United Methodists and Lutherans ink full communion pact
By Linda Bloom
But the celebration of an historic agreement on full communion is just beginning from local and regional United Methodist and
Moments after the 2009 Churchwide Assembly of the Evangelical Lutheran Church in America overwhelmingly voted for the agreement on Aug 20, affirming the action taken by the 2008 United Methodist General Conference, officials from both churches were making plans to appoint members of a commission to implement the pact.
The United Methodist-Lutheran agreement is significant on several fronts. It is the first full communion agreement approved by the United Methodist General Conference, the denomination’s top legislative body. It is the culmination of more than 30 years of deep conversation between the two denominations. And it could play a role in paving the way for future United Methodist agreements with other communions.
Full communion means that each church acknowledges the other as a partner in the Christian faith, recognises the authenticity of each other’s baptism and Eucharist, observes the validity of their respective ministries and is committed to working together towards greater unity.
Bishop Gregory Palmer, President of the United Methodist Council of Bishops and a member of the bilateral dialogue with the Episcopal Church, said that the new relationship with Lutherans most likely “will enrich that particular conversation”. An “interim Eucharist sharing agreement” exists between United Methodists and Episcopalians.
Some church leaders were already looking forward to sharing clergy in underserved areas, expanding joint mission work and strengthening seminary offerings with the resources of their communion partners.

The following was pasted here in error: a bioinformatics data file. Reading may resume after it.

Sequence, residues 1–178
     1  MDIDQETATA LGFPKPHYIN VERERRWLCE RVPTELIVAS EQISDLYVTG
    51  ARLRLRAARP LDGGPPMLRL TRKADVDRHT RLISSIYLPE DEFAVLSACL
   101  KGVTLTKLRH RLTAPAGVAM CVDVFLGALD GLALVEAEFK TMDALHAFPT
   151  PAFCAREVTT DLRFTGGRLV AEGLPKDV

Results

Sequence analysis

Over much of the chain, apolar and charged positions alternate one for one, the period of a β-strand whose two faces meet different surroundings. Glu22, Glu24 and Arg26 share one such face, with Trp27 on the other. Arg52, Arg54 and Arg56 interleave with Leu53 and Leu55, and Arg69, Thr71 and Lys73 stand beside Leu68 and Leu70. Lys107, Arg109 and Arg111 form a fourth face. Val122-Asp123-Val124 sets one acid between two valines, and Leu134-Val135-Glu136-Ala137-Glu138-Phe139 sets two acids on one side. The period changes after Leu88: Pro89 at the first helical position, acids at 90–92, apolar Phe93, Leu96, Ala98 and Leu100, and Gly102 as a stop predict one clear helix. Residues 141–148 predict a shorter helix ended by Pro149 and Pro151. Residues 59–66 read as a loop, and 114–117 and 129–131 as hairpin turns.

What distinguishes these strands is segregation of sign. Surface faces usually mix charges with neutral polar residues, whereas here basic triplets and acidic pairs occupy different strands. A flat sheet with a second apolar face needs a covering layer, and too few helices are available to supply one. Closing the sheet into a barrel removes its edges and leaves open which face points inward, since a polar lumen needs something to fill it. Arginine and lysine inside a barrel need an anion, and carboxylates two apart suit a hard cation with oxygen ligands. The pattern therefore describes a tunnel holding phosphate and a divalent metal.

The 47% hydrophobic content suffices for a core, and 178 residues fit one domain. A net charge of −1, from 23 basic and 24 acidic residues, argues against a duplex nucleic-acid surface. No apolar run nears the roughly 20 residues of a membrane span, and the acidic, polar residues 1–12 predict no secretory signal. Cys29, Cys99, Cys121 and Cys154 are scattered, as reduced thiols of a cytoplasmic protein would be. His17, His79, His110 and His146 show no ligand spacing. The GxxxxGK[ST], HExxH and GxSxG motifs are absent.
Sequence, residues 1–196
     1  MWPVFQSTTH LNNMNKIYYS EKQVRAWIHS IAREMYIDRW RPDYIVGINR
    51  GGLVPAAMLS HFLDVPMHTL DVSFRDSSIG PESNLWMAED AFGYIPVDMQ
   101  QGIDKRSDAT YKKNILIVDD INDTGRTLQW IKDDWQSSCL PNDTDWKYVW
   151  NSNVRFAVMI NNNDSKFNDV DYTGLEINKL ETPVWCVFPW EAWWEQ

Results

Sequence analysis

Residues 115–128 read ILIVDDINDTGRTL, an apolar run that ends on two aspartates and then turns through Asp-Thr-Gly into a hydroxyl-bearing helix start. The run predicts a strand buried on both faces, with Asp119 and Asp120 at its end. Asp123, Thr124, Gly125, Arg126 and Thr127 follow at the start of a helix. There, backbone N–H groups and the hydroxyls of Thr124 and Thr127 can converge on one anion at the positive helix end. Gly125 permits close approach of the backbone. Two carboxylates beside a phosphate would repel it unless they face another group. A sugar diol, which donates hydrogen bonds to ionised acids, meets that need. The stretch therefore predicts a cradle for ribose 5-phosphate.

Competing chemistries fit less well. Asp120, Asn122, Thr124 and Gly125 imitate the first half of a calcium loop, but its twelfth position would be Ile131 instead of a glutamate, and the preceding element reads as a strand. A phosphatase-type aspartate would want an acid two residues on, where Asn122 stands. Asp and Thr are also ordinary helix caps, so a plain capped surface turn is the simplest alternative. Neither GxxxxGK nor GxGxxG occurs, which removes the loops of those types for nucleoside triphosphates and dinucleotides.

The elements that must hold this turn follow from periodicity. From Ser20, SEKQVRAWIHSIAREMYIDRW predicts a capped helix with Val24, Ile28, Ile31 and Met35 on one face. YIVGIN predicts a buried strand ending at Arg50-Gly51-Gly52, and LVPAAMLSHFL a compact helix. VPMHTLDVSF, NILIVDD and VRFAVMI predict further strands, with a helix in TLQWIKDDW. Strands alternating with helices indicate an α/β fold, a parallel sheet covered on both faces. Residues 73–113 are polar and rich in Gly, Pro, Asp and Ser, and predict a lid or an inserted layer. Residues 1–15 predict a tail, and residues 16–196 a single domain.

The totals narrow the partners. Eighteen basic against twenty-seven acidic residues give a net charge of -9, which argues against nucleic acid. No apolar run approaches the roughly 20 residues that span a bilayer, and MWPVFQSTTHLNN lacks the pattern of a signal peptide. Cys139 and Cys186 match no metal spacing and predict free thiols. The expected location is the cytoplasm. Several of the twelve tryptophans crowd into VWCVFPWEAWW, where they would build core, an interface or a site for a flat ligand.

“The church is looking for expressions of full unity and celebrates everyone who takes a step in this direction,” said the Rev Betty Gamble, a staff member of the United Methodist Commission on Christian Unity and Interreligious Concerns. “We have worked with other ecumenical partners, in other ecumenical settings, who we know are celebrating with us.”
Minnesota United Methodist Bishop Sally Dyck said she likes the idea that founders of the traditions, John and Charles Wesley, and Martin Luther, valued music so much that they made it part of their theology.
United Methodist and Evangelical Lutheran Church in America leaders expect by this month to appoint members of a joint commission to implement the agreement. The commission’s work includes joint planning for mission, developing worship materials to celebrate full communion and developing guidelines on sharing clergy.
While opportunities now exist for the interchange of ordained ministers, that is not an automatic process, Bishop Palmer pointed out. United Methodist bishops will not be required to appoint a Lutheran pastor, nor would Lutherans be required to put a United Methodist name on their list of pastors. – United Methodist News Service.
Linda Bloom is a United Methodist News Service news writer based in